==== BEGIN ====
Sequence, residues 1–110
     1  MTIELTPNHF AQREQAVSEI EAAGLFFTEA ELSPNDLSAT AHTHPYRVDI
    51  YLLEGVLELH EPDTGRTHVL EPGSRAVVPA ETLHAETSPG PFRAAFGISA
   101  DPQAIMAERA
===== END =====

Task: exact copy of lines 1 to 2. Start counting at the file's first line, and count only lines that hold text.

Sequence, residues 1–110
     1  MTIELTPNHF AQREQAVSEI EAAGLFFTEA ELSPNDLSAT AHTHPYRVDI